My love affair with pop music started in about 1955, and continues unabated. To read Clive Davis' story kind of legitimizes a key aspect of life, since I too believe pop music to be an important element of society. That this Harvard-educated lawyer, and very smart, should decide to build a career in the music industry, guiding artists in their choices is music to my ears. And, folks, Clive has guided a huge slew of music to your ears over his long career, beginning with his discovery of Janis Joplin, and bringing us Whitney Houston, whom I would say is Clive's pick for the greatest artist he discovered.
And now, confession time. I had never appreciated Whitney until I read this book. I had noticed just a few of her songs and never bought any of her records. I dug out a couple of cassettes that I inherited from my niece but had never played. And then I went to the store and bought "Whitney: The Greatest Hits," which has been reissued in the Millennium Series as The Essential Whitney Houston. This disc is amazing, and I am hearing most of the songs for the first time! Goose bumps. How did I ever miss this genius singer till now? I am forever grateful to Clive Davis and that I found this book. I have also purchased several other LPs of Arista artists from the 80s in the last few days, including Aretha Franklin, another great singer I have failed to appreciate in the past.
While Clive wasn't a music fan as a kid, he rapidly became one after he joined Columbia Records as corporate lawyer. In a relatively short time he headed that organization. His relationships with artists like Dionne Warwick were exceptional, as he brought them back into the limelight. By matching songs to artists, and sometimes persuading them not to write their own, he generated smash hit singles and blockbuster albums for them which, left to their own devices they would never have done. Today's plethora of 'índie' artists need Clive Jameses. His pre-Grammy parties showcased his artists. He took intense pleasure in their success. Another crowning achievement was the return of Carlos Santana to fame and fortune for the second time with the release by Arista of 'Supernatural,' which Clive crafted with him, 30 years after signing him to Columbia.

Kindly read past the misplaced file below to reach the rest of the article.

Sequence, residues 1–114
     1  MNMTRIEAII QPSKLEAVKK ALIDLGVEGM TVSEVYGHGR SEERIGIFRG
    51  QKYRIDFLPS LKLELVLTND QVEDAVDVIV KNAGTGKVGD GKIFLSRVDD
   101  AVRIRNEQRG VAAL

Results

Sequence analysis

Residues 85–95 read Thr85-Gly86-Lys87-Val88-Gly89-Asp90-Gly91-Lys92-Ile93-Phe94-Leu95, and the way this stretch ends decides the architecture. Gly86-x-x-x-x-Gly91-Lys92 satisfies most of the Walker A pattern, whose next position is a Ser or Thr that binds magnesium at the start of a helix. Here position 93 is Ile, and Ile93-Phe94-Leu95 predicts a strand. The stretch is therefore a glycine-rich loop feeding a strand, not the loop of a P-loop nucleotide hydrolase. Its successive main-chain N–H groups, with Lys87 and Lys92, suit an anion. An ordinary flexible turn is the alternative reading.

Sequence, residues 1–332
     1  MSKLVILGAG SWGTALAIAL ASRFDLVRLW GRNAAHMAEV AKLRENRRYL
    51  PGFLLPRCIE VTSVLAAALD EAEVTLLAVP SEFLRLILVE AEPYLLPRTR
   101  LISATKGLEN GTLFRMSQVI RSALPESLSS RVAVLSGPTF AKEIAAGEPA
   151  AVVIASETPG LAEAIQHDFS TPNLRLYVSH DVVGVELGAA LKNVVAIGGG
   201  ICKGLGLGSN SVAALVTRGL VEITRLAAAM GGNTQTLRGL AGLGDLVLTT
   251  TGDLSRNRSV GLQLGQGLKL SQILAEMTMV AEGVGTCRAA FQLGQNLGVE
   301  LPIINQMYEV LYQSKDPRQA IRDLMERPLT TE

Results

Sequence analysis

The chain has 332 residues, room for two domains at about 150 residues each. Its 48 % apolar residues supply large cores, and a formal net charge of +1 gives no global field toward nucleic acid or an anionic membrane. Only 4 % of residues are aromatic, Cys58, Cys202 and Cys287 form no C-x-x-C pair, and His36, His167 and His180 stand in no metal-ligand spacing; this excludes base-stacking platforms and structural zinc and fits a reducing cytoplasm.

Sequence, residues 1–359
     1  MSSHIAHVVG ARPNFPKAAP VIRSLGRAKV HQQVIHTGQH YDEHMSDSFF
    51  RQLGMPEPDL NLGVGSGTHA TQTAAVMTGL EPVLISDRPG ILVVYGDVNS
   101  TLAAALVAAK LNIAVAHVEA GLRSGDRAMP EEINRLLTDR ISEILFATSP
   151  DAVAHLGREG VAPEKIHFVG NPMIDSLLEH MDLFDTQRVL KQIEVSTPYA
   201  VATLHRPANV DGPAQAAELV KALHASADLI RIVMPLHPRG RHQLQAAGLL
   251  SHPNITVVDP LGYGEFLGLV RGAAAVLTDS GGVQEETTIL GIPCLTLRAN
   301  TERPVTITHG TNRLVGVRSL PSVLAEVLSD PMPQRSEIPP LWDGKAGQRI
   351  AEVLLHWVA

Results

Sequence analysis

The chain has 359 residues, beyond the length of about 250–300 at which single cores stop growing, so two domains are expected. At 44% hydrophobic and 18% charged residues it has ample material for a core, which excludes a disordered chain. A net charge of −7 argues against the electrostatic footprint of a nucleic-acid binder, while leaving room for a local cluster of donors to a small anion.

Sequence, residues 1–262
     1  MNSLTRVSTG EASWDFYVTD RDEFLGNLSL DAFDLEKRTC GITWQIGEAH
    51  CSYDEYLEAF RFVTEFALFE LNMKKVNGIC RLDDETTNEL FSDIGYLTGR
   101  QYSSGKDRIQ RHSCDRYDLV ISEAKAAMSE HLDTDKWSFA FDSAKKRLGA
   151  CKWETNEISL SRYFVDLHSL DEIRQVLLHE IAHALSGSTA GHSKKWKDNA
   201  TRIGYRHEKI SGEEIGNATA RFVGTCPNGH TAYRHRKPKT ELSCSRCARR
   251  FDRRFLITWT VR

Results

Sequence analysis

Another dimension of the book that is so insightful is the corporate competitive struggles of record lables and their business hierarchies. Clive reported to businessmen who often had little interest in music. When at age 67 he was offered a top management position that would separate him from daily contact with his beloved artists, he was shattered, and they were confused. Business people are often promoted to stratospheric positions where they control people with far more talent than them in most areas, other than bottom-line business. One result of this is poor decision-making at the highest levels, and dissatisfaction in the ranks which will eventually destroy companies. In Clive's case he was just smarter than most of his bosses. There is plenty in the book to enthrall students of business and entrepreneurs. There is big money to be made in the music industry, and this attracts many who wouldn't recognize a crotchet if they bumped into one.
Clive Davis has defined the music industry for 40 years. If all the units of pleasure felt in the hearts of music listeners over those years could be quantified, he would hold a record for giving pleasure to the human race. This book will give great pleasure to all who ever enter music stores. Watch a brief video of Clive 24 Nov 2014 on The Voice YouTube channel
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